Version Reviewed: 1.0.1
App Reviewed on: iPhone 5
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Humanity has loads of awful wars to tuck under its belt, but few were as grimy or bloody as the First World War. Appropriately referred to as "The Great War" during its tortured four-year lifespan, the conflict still dredges up images of trenches, sucking mud, lung-searing gas, and a bizarre clash of old war (horse-mounted cavalries) versus new war (machine guns, tanks).
The First World War isn't a period of time to be taken lightly or disrespected, but thankfully Valiant Hearts: The Great War by Ubisoft and Future Games of London treats its subject matter solemnly. The story driving this stark-looking puzzle/action game is packed with emotion, and its characters stick with the player long after the app is shut ff. Players are never asked to judge - only to observe the ongoing events. There are even history lessons galore, courtesy of succinct but informative in-game summaries and item collections.
Of course, players have to solve puzzles too, which factor into one of Valiant Hearts' few stumbling blocks. Getting pulled away from the story - and the war itself - by repetitive puzzle scenarios is jarring.
Valiant Hearts' action shifts between the game's cast of characters, all of whom are required to use both their noggins and their brawn to overcome the game's many obstacles. Almost all of these roadblocks relate to the war somehow - from tangles of barbed wire to machine gun nests to machines that spew chlorine gas. There are even rhythm game segments that require players to steer the heroes' vehicle away from German bombardment, timed with classical music. These are as bizarre as they sound. They try hard to match the urgency of the war, but ultimately come off as kind of comic - something the game obviously isn't going for.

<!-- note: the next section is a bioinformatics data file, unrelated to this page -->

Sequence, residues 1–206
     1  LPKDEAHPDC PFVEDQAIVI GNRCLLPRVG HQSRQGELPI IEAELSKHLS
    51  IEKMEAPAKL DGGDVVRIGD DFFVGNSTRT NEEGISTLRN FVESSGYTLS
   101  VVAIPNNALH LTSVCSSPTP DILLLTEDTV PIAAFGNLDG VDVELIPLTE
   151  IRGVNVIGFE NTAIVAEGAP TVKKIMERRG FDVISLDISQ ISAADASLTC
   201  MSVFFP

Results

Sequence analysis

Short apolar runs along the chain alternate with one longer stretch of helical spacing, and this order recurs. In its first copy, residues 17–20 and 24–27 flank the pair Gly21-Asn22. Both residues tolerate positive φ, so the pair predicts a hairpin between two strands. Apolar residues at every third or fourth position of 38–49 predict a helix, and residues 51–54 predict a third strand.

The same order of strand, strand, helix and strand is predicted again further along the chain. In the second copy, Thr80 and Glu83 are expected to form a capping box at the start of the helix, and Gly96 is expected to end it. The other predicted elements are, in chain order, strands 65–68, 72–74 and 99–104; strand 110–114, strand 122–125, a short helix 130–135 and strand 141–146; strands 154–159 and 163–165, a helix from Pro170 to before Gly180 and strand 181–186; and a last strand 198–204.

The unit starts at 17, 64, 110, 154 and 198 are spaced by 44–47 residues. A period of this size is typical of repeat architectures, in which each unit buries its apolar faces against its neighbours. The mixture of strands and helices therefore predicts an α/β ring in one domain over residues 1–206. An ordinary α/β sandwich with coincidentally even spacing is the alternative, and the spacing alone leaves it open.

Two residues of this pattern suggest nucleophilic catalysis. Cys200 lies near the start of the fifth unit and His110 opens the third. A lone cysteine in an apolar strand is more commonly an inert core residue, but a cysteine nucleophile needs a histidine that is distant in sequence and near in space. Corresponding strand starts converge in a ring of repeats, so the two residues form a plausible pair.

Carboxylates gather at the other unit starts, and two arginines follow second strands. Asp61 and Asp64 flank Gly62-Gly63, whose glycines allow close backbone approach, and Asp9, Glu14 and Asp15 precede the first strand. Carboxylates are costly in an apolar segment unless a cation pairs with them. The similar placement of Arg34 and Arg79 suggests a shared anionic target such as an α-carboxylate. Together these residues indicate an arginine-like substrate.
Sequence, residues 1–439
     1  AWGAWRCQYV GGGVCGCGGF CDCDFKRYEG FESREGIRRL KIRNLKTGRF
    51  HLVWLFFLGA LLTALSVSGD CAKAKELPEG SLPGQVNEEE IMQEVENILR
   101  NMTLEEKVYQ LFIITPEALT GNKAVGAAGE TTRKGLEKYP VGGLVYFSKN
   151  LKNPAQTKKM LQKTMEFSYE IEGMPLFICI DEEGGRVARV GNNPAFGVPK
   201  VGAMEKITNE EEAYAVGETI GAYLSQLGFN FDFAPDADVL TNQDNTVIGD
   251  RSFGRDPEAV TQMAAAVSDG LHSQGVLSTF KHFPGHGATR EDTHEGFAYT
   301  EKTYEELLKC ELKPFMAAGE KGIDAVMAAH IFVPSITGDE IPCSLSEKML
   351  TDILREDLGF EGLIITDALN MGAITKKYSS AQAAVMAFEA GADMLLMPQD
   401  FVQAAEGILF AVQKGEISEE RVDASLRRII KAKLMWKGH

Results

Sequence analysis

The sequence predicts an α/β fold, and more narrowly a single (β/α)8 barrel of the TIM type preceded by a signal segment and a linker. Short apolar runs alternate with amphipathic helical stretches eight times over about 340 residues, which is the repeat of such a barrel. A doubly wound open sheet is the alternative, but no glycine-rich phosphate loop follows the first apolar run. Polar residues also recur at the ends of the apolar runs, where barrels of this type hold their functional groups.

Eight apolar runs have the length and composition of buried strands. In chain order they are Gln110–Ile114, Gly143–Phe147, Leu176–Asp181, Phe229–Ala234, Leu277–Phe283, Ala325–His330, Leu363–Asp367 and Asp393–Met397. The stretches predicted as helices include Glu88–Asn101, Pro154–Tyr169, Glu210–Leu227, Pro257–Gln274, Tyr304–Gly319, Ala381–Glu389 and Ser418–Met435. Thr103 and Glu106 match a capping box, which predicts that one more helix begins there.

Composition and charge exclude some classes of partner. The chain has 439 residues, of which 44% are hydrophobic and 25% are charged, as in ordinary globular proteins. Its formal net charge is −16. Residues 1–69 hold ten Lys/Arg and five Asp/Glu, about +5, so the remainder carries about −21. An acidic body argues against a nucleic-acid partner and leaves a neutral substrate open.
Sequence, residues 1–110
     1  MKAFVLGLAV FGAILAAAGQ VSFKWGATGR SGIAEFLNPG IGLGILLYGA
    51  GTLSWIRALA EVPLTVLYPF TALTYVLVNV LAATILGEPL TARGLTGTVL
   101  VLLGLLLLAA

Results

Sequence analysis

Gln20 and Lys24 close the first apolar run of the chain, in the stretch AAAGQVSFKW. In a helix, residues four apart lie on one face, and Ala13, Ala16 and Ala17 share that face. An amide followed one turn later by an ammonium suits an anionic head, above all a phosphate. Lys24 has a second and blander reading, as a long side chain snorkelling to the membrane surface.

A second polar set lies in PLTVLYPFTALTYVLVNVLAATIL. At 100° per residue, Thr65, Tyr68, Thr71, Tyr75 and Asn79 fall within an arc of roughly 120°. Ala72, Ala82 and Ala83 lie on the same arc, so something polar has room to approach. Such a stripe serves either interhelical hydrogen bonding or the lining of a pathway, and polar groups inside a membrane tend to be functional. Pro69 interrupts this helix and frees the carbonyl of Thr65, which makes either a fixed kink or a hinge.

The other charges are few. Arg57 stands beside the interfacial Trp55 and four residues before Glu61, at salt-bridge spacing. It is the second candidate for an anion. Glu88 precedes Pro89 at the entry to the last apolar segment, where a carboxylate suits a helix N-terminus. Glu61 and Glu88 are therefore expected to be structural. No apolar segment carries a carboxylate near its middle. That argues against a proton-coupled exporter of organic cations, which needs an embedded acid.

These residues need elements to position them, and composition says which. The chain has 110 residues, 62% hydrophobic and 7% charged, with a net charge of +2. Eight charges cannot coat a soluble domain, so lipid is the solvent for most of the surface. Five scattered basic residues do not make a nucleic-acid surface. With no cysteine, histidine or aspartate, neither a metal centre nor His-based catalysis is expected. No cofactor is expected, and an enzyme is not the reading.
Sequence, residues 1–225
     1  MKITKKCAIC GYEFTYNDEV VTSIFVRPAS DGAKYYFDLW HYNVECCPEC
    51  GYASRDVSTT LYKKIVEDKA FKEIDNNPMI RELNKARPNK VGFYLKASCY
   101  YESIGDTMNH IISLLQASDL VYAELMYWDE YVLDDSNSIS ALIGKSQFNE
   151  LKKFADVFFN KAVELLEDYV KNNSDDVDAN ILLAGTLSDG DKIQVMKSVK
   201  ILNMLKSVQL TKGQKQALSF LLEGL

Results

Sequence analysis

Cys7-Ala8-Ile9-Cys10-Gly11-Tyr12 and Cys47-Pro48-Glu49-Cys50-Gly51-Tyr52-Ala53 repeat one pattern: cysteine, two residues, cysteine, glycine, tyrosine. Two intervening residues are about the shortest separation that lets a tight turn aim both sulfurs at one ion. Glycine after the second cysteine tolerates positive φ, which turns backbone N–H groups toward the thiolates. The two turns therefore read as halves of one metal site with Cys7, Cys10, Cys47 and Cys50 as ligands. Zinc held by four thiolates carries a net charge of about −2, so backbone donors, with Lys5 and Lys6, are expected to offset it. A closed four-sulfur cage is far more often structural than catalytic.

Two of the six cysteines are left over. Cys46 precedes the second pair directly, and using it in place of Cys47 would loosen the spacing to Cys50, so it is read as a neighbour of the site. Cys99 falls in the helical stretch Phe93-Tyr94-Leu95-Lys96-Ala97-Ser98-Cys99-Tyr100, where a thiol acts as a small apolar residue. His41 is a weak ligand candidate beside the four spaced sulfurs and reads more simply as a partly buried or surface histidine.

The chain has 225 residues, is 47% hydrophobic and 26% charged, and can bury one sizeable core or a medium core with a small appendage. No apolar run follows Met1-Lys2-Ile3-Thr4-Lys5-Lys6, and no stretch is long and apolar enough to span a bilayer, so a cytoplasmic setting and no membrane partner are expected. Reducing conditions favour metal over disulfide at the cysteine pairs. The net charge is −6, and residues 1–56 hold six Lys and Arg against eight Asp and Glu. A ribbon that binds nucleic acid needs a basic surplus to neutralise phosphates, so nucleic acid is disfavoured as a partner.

Death is inevitable in Valiant Hearts, whether from bullets, gas, or not moving fast enough during a timed sequence. Checkpoints are frequent, making the player's repeated ends more of an inconvenience than anything. Although the story's impact is lessened a bit when the soldiers get shot and re-spawn half a dozen times.
If this all sounds like nitpicking, well, that's because it is. Valiant Hearts works hard to deliver realism, and for the most part it succeeds at making players feel the raw emotional wounds that come with a war and its inevitable separations. So when players witness a moving cinematic and are then immediately asked to believe in Walt's Lassie-like acts of doggy heroism and brilliance, sometimes it's a tough ration to swallow.
Don't be deterred from playing Valiant Hearts, though. Despite the few bullet-holes in its hull, it does a great job of combining storytelling and puzzle-solving with an engaging history lesson.
There are four episodes, each of which costs $3.99 USD (barring the first, which costs $4.99). Players that discover they don't have the stomach for the war can go AWOL without getting court-martialed. That's a pretty good deal.